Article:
Two Western approaches fine examples of alternative health |

Two Western approaches fine examples of alternative health

I recently shared with readers one of the major differences between mainstream medicine and alternative approaches: reductionist versus wholistic models of health. My point was that seeing the whole is a vital component in creating a total health picture and providing optimal care.

Alternative medicine is dedicated to doing just that, whereas the reductionist thinking practiced in allopathic medicine is short on this kind of “linking” thinking. This month, I’d like to explore further how this idea of body/mind/spirit wholism is actually a deeply rooted understanding, and how embracing it fully can have a profoundly positive influence on our health and well-being.

An Ojibway elder once told me that to his people, the word “medicine” meant “anything that makes you feel better.” That could mean a walk in the woods, listening to good music, a good meal …

Of course, mainstream medicine includes various ministrations that fit this definition, as well. Pharmaceutical drugs and surgery provide critical assistance that can indeed “make you feel better.” The point of the elder’s message is that we must widen our view of what medicine can be. The intricate interrelationship of body, mind and spirit makes for a vast array of approaches to improving, promoting and maintaining health.

With the myriad choices in alternative healthcare existing today, it is easy to see how one might fall into confusion and dismay. You might throw up your hands, and even give up trying to find alternatives.

How do you choose one method, how do you distinguish it from other choices, and how do you come to trust its efficacy ad legitimacy? Of the many varieties of alternative medicine available to us for addressing our health concerns, I have one very simple litmus test: Look for basic underlying philosophies that are shared by each modality. This kind of cross-verification between various methods points to an underlying truth.

For instance, my formal training is in Chinese and Japanese touch-based medicine. But as I studied these, I was deeply involved with Native American ceremonial healing. At first blush, it may seem that these disparate cultures would have little in common, but a deeper exploration shows that the similarities outweigh the differences. Both are based on a deep reverence for nature, and see human beings as an integral part of the natural world that surrounds us.

Both teach that health is a practical, harmonious relationship with nature, and that disease is due to some estrangement or disconnection from the natural cycles. These teachings are found in cultures that also teach of the oneness of body, mind and spirit. Their teachings give us a practical application of this understanding in our pursuit of health.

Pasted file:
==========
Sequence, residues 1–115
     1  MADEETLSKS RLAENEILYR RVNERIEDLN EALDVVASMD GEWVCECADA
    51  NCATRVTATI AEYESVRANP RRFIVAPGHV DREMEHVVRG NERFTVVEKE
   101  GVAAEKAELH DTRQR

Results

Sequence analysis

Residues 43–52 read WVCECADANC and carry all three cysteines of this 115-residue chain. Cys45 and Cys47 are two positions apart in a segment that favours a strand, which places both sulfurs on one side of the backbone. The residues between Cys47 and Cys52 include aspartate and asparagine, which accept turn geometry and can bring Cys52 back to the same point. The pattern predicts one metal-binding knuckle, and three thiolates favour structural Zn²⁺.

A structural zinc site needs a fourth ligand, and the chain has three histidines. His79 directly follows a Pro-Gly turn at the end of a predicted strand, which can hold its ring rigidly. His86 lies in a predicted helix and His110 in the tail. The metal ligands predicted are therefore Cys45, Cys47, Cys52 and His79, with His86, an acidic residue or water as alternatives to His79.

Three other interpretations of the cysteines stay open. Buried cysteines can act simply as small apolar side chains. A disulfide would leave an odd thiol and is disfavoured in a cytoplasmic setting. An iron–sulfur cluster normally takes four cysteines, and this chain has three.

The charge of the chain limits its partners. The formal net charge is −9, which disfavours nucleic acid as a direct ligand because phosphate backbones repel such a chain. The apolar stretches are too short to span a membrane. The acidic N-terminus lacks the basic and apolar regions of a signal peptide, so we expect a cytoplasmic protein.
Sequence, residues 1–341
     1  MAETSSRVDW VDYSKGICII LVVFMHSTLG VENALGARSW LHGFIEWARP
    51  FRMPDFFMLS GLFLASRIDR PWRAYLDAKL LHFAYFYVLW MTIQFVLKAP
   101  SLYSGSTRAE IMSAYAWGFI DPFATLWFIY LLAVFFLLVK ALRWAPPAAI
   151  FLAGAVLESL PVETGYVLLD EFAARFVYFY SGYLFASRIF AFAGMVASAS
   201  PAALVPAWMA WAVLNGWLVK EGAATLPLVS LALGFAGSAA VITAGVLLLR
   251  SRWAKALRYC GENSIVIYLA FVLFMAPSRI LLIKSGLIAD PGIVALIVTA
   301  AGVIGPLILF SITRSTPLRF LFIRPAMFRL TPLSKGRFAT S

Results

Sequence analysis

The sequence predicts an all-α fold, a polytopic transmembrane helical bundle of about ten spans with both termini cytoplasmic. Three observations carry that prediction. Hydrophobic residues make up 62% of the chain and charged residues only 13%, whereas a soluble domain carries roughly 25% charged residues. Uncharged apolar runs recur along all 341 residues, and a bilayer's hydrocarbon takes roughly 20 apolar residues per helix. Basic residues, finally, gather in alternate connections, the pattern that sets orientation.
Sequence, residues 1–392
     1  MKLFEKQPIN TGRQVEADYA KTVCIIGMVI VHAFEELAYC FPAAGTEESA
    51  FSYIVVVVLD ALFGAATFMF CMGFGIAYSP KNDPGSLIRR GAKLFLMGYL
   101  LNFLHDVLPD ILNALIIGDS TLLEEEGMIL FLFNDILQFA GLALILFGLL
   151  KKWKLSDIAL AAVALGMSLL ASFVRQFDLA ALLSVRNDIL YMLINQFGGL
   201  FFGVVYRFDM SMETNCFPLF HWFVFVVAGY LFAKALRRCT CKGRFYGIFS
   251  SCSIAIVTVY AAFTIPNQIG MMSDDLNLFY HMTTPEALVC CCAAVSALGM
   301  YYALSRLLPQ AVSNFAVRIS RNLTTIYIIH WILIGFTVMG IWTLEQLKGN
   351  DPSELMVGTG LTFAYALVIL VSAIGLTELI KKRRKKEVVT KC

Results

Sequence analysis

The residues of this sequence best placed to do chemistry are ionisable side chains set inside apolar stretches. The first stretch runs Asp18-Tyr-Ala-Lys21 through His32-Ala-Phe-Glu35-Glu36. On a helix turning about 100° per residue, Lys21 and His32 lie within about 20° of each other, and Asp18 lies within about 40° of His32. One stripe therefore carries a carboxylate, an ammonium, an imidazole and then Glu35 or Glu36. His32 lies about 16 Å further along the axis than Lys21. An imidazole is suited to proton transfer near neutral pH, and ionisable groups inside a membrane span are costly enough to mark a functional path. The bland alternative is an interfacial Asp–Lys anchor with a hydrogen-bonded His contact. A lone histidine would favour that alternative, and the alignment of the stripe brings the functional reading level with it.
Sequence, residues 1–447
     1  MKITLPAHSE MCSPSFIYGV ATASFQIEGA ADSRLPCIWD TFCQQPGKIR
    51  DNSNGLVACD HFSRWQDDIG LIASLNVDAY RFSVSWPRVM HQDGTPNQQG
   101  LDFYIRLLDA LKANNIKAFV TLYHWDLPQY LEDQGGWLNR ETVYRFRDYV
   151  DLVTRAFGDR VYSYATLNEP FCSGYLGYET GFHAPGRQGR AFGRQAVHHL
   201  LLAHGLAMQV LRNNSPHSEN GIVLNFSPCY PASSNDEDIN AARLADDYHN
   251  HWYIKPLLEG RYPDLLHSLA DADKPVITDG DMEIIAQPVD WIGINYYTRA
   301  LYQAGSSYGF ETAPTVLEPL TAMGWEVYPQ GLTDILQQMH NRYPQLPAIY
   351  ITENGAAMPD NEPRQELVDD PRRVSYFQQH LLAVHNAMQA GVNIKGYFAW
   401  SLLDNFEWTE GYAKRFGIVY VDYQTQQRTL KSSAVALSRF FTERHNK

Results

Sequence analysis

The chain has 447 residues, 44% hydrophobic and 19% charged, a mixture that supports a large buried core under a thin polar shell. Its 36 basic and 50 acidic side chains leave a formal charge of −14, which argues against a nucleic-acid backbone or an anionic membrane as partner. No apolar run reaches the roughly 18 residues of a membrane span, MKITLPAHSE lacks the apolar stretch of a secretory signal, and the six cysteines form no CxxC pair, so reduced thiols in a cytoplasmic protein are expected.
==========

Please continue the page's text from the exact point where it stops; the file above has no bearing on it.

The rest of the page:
Our own culture diverged from this teaching at some point in our history, and so finding corroborative evidence of wholism within Western teaching can be a very demanding task. But it is not impossible. Two of the finest examples of wholism in Western culture come through the deeply rooted traditional teachings of homeopathy and herbalism.

Herbalism is an ancient art/science handed down through the generations since time immemorial. It involves a deep study of not just the pharmacopeia, but of the actions and interactions of the plants themselves in the natural world and how that interaction mirrors their interaction with the human body.

The herbalist must not only understand the herbs and their actions, but also be able to read patterns as presented by the person seeking healing, and see the correct herb to apply in the immediate, individual situation.

In homeopathy, the practitioner must also “see” the bigger picture, see the entire person and work with them in body, mind and spirit to establish the proper remedies. The intake examination of the homeopathic physician is exhaustive in its exploration of not only presenting symptoms, but also a great range of “background” information, taking into account such aspects as temperament and general humor.

In this way, no two persons with the same disease would ever receive the exact same remedy, because no two people carry the same disease in the same way, nor do they respond to remedies in the same way. In each case, the whole person must be taken into account to provide the best care.

These are not the only wholistic traditions in our Western cultural background, but they serve to illustrate the point that we needn’t look too far afield to find the roots of wholism.

Allopathic medicine has averted the gaze of the physician away from the patient and onto the results of the machine-based testing, i.e., blood tests, EKG, X-ray, MRI, etc. Wholistic approaches train the eyes and ears of the physician to look directly to the person seeking healing in body, mind and spirit for the clues.

Having the eyes and ears to see requires a return to our roots. In alternative medicine, we learn to see the deep interconnections of all things. Just as our ancestors did for thousands of years.

Matthew Sweigart is a certified Asian bodywork therapist and shiatsu therapy Instructor. He lives and works in Grass Valley, and lectures regularly around the United States.

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